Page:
Relay attacks pose new threat

According to the latest figures from TRACKER, 96% of motorists are at risk of having their car stolen by criminals using the latest theft technique – a relay attack.

In 2016, 66% of TRACKER’s stolen vehicle recovery customer thefts were committed by way of a ‘relay attack’, confirming just how prevalent this crime has become.

A ‘relay attack’ is a new method used by car thieves, which involves two criminals working together using electronic signal relay devices. Just recently, CCTV footage obtained by West Midlands Police of a theft of a Mercedes, confirmed just how easily criminals can use a device to receive the car key signal from inside the victim’s home, transferring that signal to the second box, which is placed next to the car. The car’s system is tricked into thinking the key is there, allowing thieves to unlock the vehicle and drive away within minutes.

The TRACKER survey shows that 13% of people leave their keys on the hallway table, which is as good as leaving the door open for thieves. A quarter (25%) leave their keys in a dedicated key pot or on a key hook elsewhere downstairs, whilst 15% put them in a drawer in a downstairs room. Although putting keys in a drawer means they are out of sight should an opportunistic burglar be on the prowl, it won’t protect them from a relay attack should a techno savvy car thief be lurking outside.

‘We’re seeing more and more of these relay attacks taking place across the country,’ explains Andy Barrs, head of police liaison at TRACKER. ‘It’s clear from our survey that many people are unintentionally leaving themselves vulnerable to these kinds of attack, by putting their keys in easy reach of relay devices.’

TRACKER has provided the following tips in preventing car theft;

Always double check that your car is physically secure and alarmed, when using keyless locking systems. Wait to see the flashing hazard lights confirm it’s locked. Thieves frequently lie in wait and block locking signals as owners walk away from their cars.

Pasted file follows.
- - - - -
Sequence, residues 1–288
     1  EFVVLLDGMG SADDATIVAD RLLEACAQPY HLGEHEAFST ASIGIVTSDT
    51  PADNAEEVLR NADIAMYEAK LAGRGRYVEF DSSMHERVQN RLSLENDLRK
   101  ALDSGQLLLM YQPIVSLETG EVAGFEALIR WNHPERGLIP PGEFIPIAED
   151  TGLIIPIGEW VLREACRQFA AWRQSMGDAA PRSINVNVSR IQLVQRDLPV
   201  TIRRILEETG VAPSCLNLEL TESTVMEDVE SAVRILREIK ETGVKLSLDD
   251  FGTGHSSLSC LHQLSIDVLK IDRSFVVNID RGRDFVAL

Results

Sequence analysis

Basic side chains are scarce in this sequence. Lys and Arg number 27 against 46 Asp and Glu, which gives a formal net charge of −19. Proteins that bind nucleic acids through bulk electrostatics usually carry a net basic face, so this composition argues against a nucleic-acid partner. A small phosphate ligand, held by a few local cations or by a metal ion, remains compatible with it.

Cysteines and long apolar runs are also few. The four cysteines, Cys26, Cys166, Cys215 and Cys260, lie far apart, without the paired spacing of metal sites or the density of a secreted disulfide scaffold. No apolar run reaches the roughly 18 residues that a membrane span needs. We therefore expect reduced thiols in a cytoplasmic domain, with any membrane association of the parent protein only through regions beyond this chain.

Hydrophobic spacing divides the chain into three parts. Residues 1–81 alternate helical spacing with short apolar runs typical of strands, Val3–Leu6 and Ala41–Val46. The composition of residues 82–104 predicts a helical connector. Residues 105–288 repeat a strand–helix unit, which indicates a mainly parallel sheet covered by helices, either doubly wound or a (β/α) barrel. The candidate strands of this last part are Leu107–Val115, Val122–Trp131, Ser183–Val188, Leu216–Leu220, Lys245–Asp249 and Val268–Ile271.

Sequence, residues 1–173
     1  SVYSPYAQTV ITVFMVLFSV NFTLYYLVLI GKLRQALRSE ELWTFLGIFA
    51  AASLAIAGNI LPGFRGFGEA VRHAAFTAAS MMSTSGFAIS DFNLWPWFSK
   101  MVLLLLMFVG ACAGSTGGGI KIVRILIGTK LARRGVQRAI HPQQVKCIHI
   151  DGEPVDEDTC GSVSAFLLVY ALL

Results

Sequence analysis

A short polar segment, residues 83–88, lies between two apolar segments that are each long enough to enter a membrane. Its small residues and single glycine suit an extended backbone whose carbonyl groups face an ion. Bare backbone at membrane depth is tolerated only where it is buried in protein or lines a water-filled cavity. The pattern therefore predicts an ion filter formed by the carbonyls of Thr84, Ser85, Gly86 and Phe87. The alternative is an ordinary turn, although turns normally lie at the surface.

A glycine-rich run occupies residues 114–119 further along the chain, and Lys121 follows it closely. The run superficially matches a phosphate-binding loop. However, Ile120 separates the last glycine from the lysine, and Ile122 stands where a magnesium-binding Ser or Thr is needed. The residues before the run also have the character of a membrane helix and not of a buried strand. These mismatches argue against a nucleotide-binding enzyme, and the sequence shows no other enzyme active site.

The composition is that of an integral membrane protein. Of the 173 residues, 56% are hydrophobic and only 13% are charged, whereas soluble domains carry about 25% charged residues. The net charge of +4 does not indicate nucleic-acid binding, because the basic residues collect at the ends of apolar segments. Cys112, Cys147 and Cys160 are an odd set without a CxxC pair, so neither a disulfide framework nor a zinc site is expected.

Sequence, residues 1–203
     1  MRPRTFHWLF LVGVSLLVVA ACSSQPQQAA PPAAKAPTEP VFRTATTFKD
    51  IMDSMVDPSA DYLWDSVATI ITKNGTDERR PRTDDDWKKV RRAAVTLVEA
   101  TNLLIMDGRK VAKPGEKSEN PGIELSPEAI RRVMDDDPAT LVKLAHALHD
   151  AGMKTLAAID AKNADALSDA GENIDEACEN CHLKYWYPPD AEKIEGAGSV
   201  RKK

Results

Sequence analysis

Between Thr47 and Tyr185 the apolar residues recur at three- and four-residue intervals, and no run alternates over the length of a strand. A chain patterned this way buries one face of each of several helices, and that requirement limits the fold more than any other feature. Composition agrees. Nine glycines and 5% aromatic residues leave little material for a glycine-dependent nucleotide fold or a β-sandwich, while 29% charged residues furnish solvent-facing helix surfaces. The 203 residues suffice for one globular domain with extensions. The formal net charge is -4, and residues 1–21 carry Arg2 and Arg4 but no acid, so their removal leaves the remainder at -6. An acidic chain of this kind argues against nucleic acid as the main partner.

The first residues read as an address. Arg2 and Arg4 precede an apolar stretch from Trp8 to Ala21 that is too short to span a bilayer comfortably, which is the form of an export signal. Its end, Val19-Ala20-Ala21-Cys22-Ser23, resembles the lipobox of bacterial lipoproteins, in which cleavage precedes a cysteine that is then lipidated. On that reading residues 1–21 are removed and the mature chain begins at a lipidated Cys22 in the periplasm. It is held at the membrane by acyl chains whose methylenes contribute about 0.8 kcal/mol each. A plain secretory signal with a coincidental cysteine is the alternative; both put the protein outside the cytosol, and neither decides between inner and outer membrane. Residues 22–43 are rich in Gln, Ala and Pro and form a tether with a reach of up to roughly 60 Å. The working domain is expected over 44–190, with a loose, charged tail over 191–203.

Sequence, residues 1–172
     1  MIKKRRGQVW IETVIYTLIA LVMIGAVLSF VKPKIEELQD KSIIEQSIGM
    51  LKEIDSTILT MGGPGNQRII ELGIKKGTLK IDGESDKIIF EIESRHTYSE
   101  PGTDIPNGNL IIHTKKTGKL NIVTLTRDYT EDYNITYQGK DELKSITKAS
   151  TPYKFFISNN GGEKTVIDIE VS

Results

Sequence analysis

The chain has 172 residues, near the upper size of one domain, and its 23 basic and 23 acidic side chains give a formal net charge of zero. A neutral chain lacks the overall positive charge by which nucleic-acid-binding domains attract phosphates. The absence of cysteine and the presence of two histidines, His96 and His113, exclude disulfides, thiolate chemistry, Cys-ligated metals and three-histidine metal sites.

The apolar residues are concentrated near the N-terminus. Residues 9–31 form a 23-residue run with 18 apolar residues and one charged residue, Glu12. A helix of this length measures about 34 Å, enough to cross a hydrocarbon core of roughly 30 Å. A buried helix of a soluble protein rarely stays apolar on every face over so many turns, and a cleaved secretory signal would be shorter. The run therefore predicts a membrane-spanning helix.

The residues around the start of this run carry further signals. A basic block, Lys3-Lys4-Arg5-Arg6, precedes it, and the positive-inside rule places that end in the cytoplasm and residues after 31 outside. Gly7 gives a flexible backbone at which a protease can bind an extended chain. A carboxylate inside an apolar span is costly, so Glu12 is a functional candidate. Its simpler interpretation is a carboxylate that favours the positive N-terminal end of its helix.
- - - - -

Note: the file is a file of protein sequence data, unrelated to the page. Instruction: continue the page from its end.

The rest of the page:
Leaving keys in the hallway or on the kitchen worktop means thieves can break in and swipe them quickly, before driving off in your car. Put them in a drawer or out of sight in a bag, at least.

A faraday wallet is designed to shield electronic car keys from relay attacks – a new theft technique that involves extending a key fob’s signal by relaying it from one device to another. But you could also put them in a metal tin or microwave overnight to protect them from a relay attack.

Physical barriers can be effective in deterring thieves. Consider adding a crook lock or wheel clamp to your car. Alternatively, a driveway parking post or just locked gates can stop thieves in their tracks.

For another layer of protection, add a secondary barrier to your car’s factory fitted immobiliser by having a unique access code to start your car.

A tracking device won’t stop your vehicle being stolen, but it significantly increases chances of police recovering and returning it, if thieves do take it.